- Morissette v. US- (FACTS) ∆ converted spent air force shell casings, found on military target range, into scrap metal which he sold for a profit. He was charged under a federal statute which makes knowing conversion of gov’t property a crime. Trial ct refused ∆ contention that he had no intent to convert the metal unlawfully by stating, “The question of intent is whether or not he intended to take the property.” No mens rea scienter need be shown to establish felonious intent. Ct of App affirmed and Sup Ct reversed.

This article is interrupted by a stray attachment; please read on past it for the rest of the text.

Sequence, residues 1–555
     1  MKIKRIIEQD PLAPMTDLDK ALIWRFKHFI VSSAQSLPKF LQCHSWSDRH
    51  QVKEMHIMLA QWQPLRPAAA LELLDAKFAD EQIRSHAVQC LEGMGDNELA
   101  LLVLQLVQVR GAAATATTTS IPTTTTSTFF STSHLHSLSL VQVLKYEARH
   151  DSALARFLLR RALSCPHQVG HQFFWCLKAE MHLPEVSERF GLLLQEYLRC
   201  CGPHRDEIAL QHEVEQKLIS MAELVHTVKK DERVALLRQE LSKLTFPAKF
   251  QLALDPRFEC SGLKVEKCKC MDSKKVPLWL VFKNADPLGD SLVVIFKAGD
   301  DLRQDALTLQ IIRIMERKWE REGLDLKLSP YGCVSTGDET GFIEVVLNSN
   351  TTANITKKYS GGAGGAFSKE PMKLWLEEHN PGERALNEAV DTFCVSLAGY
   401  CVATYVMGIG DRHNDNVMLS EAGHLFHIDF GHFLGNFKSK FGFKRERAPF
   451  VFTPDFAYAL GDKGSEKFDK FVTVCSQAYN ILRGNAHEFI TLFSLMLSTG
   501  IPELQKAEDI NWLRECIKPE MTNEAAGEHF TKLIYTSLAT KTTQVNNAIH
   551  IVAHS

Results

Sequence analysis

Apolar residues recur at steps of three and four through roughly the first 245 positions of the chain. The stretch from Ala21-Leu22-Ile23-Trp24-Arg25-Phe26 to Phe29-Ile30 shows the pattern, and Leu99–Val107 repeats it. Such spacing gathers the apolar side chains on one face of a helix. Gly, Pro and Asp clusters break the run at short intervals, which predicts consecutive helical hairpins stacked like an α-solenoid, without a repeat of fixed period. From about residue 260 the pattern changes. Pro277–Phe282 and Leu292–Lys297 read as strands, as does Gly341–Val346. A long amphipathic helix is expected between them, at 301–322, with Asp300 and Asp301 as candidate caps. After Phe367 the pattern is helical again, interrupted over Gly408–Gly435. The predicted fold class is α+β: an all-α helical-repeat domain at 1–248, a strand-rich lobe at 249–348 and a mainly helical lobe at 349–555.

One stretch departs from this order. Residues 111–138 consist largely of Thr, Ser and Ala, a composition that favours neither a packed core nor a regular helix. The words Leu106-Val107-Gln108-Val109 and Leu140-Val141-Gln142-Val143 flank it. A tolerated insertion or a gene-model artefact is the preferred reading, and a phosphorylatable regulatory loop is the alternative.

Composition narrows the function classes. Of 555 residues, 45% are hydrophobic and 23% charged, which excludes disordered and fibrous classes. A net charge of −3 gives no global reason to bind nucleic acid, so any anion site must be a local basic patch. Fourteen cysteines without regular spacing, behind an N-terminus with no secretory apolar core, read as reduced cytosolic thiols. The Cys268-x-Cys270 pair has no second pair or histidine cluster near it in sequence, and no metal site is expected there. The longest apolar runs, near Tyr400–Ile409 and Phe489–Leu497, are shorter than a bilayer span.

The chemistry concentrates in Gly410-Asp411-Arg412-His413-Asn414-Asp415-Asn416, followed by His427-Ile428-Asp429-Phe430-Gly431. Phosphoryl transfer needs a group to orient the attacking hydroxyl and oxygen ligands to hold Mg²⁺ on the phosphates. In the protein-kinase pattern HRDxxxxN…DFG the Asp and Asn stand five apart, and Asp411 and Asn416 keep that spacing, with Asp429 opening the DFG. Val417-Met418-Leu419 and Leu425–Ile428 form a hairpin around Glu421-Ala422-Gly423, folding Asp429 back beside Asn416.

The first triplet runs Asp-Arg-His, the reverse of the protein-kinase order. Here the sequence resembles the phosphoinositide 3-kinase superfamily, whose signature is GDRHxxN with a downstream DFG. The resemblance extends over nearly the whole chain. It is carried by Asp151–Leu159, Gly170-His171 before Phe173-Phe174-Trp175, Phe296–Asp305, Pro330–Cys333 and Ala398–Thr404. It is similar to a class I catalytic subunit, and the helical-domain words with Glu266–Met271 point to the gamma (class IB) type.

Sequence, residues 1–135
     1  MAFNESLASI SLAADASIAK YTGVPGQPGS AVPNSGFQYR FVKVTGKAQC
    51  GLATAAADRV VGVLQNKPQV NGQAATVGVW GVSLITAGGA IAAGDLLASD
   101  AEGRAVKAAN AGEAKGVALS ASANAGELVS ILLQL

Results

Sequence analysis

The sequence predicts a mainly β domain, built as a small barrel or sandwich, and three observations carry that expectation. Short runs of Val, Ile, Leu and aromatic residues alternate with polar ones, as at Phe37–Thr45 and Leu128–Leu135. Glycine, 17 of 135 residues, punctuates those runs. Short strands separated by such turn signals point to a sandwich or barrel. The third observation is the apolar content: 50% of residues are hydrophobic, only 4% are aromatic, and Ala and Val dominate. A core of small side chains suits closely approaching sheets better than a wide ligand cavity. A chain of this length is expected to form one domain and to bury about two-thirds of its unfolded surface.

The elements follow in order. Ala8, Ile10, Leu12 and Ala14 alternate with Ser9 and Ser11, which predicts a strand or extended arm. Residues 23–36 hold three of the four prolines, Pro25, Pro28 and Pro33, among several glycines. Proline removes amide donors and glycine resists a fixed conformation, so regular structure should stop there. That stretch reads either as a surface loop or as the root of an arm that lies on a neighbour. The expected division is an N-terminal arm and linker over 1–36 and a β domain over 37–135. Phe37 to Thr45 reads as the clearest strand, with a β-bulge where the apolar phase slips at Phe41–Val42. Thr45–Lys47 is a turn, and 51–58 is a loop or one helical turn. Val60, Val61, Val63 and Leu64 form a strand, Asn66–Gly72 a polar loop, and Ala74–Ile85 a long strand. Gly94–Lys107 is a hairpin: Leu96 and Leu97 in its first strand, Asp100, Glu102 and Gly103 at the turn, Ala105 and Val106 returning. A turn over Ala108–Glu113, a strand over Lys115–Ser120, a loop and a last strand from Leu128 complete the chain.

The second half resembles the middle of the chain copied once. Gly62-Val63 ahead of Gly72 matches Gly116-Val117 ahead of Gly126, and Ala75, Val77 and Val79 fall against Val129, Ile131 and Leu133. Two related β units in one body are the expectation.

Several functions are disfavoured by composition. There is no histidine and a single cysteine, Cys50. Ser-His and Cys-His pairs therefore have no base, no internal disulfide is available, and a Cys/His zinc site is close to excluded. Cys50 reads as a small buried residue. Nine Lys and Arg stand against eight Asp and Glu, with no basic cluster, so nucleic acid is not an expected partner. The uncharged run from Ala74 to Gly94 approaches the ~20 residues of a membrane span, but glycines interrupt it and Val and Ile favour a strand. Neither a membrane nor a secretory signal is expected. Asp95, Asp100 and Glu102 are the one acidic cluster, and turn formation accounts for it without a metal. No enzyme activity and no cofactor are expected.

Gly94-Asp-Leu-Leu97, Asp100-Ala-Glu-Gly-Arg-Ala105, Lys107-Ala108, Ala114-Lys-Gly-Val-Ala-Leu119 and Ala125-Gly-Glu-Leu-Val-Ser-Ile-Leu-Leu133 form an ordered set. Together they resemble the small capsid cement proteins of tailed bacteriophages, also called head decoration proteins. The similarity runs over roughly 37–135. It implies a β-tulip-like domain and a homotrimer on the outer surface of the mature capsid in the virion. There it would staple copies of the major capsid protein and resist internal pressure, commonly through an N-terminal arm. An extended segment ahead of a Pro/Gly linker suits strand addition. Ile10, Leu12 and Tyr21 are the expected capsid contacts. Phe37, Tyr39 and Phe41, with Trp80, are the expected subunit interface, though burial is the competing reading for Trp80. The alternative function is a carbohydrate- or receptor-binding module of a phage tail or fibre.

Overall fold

- Crimes which are mala in se necessarily include the element of mens rea and no statutory strict liability version of them is permissible.
- Felonious intent may not be presumed from the intentional dong of the act plus the proscribed result.
- Conversion, as a common law crime, always included scienter as a necessary element and mere omission from the statutory definition of it does not justify its abandonment.
- Ct points out that previous decisions permitting strict liability involved regulatory (mala prohibita) statutes, where such is properly applied.
Friday, September 14, 2012
Morissette v. United States case brief
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